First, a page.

New pot cards to be issued
December 15, 2005
Rachel Gordon, San Francisco Chronicle
The San Francisco Department of Public Health is gearing up for the new state medical marijuana program in which patients and their caregivers will be issued California identification cards allowing them to buy and use cannabis if a physician recommends it.
Starting Jan. 9, applications for the new cards will be accepted in the main lobby of San Francisco General Hospital from 1 to 4 p.m. Monday through Friday.
San Francisco has been running its own medical marijuana identification card program for years -- more than 8,000 have been issued so far -- but the state program, run through the counties, is expected to make it easier for people to purchase the medical cannabis from dispensaries throughout California.
When the state program starts up, San Francisco's identification card program will fold. However, people who already have the city cards can continue using them in San Francisco. No doubt they'll make nice collectors' items someday.
Of course there's no guarantee that the new cards will protect cardholders from local, state or federal prosecution, city public health officials warn. Just this week, federal drug agents raided 13 medical marijuana dispensaries in San Diego County, seizing high-grade marijuana, computers and patient records.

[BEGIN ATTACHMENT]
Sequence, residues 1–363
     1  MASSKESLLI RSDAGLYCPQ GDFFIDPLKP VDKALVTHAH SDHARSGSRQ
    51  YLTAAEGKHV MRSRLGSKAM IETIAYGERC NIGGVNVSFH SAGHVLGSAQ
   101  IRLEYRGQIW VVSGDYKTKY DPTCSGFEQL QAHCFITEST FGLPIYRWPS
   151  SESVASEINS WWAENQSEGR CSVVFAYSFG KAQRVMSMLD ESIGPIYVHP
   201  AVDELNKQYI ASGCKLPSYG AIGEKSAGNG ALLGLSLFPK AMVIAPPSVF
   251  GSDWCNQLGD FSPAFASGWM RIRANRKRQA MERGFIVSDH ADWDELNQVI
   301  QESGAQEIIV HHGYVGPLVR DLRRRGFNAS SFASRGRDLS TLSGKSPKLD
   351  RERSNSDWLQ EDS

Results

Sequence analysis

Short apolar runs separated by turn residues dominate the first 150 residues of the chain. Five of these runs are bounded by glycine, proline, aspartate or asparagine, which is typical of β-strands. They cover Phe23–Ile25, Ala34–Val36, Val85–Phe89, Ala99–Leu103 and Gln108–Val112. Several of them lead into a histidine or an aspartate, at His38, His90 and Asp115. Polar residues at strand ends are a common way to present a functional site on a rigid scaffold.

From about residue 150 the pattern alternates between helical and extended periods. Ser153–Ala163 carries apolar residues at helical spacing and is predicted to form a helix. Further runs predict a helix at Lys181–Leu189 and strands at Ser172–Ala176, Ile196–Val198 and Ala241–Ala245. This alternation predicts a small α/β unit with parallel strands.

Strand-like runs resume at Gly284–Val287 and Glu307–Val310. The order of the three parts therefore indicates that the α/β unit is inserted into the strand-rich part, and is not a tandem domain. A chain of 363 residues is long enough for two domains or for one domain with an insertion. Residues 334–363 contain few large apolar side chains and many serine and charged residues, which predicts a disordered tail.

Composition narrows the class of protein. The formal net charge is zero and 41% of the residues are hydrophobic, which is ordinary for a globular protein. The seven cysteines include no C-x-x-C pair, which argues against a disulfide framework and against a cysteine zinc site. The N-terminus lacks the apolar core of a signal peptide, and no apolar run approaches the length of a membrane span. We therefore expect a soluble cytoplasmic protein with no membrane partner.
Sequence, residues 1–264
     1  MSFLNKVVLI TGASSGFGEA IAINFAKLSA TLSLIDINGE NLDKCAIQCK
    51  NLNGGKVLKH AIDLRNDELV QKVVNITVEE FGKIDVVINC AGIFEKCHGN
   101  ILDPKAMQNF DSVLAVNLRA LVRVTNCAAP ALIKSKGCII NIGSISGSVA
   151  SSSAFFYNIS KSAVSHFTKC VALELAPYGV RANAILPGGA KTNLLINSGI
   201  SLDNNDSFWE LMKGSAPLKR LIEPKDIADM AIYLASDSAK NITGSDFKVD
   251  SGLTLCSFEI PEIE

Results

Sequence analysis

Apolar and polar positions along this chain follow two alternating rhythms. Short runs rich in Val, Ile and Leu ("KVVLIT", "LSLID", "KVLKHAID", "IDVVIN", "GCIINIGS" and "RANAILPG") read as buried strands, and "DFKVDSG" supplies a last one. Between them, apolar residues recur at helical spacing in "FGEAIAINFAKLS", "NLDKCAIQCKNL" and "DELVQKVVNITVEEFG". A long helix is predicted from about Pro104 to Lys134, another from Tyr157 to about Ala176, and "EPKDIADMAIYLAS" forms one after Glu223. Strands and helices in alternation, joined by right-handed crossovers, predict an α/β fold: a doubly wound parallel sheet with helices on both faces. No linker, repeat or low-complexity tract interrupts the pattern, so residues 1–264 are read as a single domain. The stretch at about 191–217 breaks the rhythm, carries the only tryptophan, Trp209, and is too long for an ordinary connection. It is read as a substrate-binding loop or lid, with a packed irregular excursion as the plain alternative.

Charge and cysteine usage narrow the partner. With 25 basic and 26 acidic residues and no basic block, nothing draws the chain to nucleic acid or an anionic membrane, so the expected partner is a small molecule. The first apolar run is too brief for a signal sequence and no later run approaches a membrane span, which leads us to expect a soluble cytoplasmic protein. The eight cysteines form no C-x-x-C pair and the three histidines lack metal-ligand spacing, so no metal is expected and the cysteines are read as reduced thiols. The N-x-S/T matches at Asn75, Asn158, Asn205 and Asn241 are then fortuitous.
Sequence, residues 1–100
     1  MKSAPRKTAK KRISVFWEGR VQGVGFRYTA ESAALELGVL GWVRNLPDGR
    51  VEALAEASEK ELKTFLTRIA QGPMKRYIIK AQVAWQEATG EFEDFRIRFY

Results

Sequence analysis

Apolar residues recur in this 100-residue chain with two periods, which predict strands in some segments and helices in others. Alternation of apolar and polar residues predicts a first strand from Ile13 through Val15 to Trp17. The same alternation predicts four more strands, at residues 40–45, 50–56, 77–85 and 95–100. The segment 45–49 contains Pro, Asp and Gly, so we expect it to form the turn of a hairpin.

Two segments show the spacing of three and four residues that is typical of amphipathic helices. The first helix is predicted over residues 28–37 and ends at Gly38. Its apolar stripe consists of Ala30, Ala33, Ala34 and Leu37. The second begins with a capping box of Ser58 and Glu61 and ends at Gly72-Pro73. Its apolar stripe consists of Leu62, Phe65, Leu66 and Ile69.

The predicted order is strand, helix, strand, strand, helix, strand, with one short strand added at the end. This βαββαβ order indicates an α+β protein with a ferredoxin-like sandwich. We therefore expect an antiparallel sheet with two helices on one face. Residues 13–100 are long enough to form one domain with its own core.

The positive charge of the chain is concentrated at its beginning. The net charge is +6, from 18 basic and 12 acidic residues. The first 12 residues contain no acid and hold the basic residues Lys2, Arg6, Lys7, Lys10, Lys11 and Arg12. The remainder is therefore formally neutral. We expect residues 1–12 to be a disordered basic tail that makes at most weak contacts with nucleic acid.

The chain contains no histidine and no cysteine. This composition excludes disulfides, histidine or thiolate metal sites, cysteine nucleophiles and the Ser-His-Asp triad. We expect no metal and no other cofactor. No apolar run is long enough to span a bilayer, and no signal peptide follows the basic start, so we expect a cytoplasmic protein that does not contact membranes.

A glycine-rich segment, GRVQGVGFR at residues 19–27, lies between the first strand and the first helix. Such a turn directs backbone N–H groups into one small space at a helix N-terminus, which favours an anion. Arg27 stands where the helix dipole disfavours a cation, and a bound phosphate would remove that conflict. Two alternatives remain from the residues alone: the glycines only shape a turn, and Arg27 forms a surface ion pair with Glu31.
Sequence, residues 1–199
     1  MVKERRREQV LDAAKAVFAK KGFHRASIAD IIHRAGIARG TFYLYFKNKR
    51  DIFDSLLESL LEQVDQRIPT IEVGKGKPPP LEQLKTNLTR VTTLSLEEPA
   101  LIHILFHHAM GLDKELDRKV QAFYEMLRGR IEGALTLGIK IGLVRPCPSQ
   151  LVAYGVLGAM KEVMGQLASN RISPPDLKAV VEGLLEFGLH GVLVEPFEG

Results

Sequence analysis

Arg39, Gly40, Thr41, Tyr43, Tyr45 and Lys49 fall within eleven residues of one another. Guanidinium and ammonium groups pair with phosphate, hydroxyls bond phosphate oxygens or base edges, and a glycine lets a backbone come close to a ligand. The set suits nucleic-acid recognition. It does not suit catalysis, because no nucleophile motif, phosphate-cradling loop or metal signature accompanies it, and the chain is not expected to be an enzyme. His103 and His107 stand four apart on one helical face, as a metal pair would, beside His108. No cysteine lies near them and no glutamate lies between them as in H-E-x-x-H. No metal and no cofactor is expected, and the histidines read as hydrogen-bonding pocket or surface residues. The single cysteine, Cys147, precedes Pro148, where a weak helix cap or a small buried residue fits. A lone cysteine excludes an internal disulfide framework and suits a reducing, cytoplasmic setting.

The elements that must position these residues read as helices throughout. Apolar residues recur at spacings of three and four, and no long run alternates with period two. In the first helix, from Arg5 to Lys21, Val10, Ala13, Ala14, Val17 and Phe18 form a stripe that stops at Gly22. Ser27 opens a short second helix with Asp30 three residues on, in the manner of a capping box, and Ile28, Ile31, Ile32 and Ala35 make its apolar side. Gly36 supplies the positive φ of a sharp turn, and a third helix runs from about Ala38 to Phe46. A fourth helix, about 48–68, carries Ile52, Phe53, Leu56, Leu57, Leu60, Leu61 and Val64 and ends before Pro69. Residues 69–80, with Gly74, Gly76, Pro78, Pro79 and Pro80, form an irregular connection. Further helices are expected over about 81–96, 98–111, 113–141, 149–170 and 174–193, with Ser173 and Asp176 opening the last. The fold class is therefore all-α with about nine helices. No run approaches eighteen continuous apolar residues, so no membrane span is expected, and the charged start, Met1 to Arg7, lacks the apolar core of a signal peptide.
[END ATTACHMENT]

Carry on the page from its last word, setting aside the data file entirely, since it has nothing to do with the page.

Well aware that the feds could target San Francisco next, city officials, led by Supervisor Ross Mirkarimi, have enacted a policy that once the application process for the new state identification cards is completed, patients and caregivers will get back all their identifying application documents, including the doctors' letters of recommendation, so there will be no paperwork for authorities to seize.
More information can be found at www.sfdph.org/services/mcidinfo.htm.
Into the fire: After once serving as chief of the city's housing inspection division, Joe Grubb is set to return to his roots this month. Board of Supervisors President Aaron Peskin plans to appoint Grubb to the Building Inspection Commission.
Most people know Grubb as the longtime head of the Rent Board agency, where he earned the respect of both property owner groups and tenant activists. This was a rare feat because San Francisco's rent-control law, which Grubb's agency administered, often sparks heated debates. Grubb served in that post from 1989 until he retired last year. He worked in the city's building inspection division before that.
"He was a very good department head. He's independent. He's funny and irreverent and nobody can scare him,'' Peskin said in describing his appointee.
Given the state of the Department of Building Inspection, he'll have to put all those qualities to the test.